OpEd, Politics

What does Bassirou’s winning as the President of Senegal tell youth in Africa?

Beginning with myself, I have been a youth for 13 years now. Becoming 31 years old in August this year, I have remained with 14 years to exit youthhood. What is it that I have done in my youthhood? I have done almost nothing.

The little thing I have done to the best of everyone is the instillation of hope in youth that one day, they will get the throne. Working towards getting the throne myself, how adequately trained am I to hold the throne? I have not adequately been trained. What I have acquired is self-training. I have no manpower to train myself as adequately as the throne requires.

Supposed to be abundantly trained by the leader of today, but he is too jealous of me. When I look up to my elder youth to train me, he is too selfish to prepare his successor. But this does not deprive me of my hope for the throne. I have the potential to lead as a youth despite being suppressed.

Generally, the atmosphere of youth in Africa is too foggy to allow them to aspire for leadership. The leaders in power are too greedy to rule for life. This greediness does not allow them give youth an opportunity to lead as young people with young ideas. The only youth they train and give an opportunity are their own children and their children’s closest cohorts.

This divides youth into two; youth being prepared by the incumbents to take over and youth preparing themselves to take over. Much of the youth’s time is consumed by this division as youth face one another in the fight for the throne. This gives the incumbents an abnormal time to stay in power.

Despite the incumbent having a prepared candidate, Bassirou Faye never gave up chasing his leadership dream. Being feared of, he was harassed and taken to prison in an attempt to reduce him to zero. But that was too late.

When he was released, together with other candidates, they were screened and one of the people’s favourite candidates was screened out. Having made it to the list of qualified candidates, the nullified candidate convinced his supporters to vote in favour of Bassirou Faye. Bassirou Faye, a 44-year-old, won the elections and became the youngest president in Africa to be elected democratically.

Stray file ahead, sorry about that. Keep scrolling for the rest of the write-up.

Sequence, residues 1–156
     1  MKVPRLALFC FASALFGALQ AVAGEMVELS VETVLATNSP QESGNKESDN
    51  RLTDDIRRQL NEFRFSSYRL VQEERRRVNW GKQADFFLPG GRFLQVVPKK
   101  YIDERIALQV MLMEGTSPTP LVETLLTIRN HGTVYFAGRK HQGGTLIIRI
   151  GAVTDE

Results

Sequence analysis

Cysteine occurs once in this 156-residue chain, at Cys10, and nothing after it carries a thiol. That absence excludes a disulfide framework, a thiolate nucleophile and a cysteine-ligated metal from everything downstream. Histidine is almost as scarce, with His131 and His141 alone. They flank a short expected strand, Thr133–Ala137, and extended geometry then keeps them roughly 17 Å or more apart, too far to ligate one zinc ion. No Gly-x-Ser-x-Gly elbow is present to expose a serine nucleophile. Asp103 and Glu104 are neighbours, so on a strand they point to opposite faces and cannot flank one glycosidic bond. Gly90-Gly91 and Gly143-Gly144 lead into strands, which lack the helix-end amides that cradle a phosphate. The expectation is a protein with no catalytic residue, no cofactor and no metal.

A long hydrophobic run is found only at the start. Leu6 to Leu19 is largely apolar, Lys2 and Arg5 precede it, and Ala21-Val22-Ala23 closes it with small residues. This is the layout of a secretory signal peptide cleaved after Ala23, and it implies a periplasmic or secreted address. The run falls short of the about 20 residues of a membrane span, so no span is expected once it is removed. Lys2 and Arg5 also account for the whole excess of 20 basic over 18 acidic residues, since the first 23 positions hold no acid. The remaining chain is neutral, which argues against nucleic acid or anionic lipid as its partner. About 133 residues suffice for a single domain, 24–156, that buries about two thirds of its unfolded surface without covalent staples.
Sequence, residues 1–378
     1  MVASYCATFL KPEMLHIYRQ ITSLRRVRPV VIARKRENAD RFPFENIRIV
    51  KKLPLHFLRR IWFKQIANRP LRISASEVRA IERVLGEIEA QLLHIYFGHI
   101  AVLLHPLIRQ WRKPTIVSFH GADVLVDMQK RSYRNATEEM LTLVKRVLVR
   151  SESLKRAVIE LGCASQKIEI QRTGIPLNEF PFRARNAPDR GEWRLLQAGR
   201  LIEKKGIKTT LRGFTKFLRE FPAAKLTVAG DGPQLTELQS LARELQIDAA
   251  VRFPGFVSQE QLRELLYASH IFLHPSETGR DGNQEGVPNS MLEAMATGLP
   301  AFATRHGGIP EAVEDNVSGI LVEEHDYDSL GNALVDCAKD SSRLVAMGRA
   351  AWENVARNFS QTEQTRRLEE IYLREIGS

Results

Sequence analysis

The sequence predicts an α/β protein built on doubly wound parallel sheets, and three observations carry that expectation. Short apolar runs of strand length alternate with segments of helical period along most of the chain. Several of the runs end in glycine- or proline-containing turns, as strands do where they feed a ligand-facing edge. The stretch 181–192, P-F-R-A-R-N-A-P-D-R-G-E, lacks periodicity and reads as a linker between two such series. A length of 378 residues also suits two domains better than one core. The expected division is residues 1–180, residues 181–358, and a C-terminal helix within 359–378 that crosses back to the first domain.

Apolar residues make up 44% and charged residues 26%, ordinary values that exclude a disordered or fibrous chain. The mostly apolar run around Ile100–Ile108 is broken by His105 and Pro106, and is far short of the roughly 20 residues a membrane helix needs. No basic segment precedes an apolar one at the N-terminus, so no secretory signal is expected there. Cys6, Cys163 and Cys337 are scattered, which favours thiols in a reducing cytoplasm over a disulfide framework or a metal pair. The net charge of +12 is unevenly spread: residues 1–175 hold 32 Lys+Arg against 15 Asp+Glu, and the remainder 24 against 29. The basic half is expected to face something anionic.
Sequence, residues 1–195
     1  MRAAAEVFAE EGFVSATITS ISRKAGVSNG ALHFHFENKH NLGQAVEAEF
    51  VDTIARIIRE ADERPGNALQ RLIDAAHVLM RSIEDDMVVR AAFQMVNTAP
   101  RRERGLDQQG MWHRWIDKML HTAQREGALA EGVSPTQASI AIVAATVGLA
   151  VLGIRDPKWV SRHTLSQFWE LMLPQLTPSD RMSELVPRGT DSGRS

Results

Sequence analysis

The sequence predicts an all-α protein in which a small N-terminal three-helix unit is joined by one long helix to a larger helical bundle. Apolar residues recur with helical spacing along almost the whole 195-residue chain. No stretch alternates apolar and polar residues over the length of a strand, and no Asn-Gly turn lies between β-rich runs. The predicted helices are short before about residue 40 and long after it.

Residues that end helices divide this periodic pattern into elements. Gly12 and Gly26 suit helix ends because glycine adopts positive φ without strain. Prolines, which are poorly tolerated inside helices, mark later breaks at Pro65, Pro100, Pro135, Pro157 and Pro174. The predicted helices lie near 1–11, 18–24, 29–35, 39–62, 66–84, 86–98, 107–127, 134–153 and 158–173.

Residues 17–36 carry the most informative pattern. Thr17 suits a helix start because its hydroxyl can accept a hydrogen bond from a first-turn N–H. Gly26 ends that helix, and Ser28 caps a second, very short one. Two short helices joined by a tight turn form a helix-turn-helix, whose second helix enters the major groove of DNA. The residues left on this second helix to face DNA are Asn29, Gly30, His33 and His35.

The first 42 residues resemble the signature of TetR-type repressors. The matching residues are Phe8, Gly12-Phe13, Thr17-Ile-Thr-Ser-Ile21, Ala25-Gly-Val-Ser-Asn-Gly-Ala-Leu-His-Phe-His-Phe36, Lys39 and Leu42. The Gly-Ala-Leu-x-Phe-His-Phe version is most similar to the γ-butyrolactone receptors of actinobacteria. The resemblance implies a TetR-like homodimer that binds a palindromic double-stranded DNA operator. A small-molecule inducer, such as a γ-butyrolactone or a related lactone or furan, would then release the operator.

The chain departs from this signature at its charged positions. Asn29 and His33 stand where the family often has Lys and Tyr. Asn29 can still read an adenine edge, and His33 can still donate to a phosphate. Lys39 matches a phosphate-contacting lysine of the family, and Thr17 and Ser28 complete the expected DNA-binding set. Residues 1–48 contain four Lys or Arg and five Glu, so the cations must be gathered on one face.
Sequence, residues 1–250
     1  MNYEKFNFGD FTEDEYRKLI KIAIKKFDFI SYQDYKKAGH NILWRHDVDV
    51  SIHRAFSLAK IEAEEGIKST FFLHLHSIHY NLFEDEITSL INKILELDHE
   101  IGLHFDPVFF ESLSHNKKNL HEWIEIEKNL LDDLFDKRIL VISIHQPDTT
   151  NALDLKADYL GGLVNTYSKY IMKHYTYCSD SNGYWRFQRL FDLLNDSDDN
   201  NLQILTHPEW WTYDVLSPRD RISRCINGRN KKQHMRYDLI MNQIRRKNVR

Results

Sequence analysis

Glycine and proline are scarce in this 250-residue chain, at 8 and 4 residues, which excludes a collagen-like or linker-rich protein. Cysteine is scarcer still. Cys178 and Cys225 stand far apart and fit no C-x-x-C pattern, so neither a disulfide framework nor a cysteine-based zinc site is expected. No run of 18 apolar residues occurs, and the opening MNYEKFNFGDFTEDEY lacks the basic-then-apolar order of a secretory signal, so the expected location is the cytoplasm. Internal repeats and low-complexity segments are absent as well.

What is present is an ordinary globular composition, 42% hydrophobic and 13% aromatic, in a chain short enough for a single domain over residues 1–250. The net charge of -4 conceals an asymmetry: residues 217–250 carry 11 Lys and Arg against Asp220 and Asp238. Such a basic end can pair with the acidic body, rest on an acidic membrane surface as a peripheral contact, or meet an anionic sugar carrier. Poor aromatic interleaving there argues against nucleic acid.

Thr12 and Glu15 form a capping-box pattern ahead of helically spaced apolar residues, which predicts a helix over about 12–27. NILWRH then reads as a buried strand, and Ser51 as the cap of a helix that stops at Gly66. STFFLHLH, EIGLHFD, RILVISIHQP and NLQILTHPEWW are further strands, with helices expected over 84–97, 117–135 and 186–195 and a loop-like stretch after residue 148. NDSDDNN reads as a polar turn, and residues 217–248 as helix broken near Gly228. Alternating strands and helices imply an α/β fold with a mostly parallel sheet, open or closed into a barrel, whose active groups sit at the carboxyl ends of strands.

What does his victory against all odds tell youth in Africa, in general, and South Sudan, in particular? It tells youth that there is always resistance in taking over power even in one’s own house with a father. But this cannot terrify one to surrender and live life without seeing him/herself in the decisions being made. Youth should get inspired by Bassirou’s winning despite being suppressed to get a chance to lead.

Youth should see their unity as paramount and begin to push youth who have shown interest in getting power. The culture of who is who, which tribe he hails from, from which political affiliation, any big politician behind him, does he have money, how many stars does he have in the army and all other useless stuff should be deleted from the people’s minds. It is time for academic qualifications and competence, the rest are old stories.

The tomorrow that has been sung as a song all along has finally come. If not now, then when? This dawn is for youth. It is entirely theirs. The activities of the day can no longer be fulfilled by elders. This means, elders should occupy the back row and allow youth to take the front row.

Thanks for “Sowing The Seed Of Truth”.

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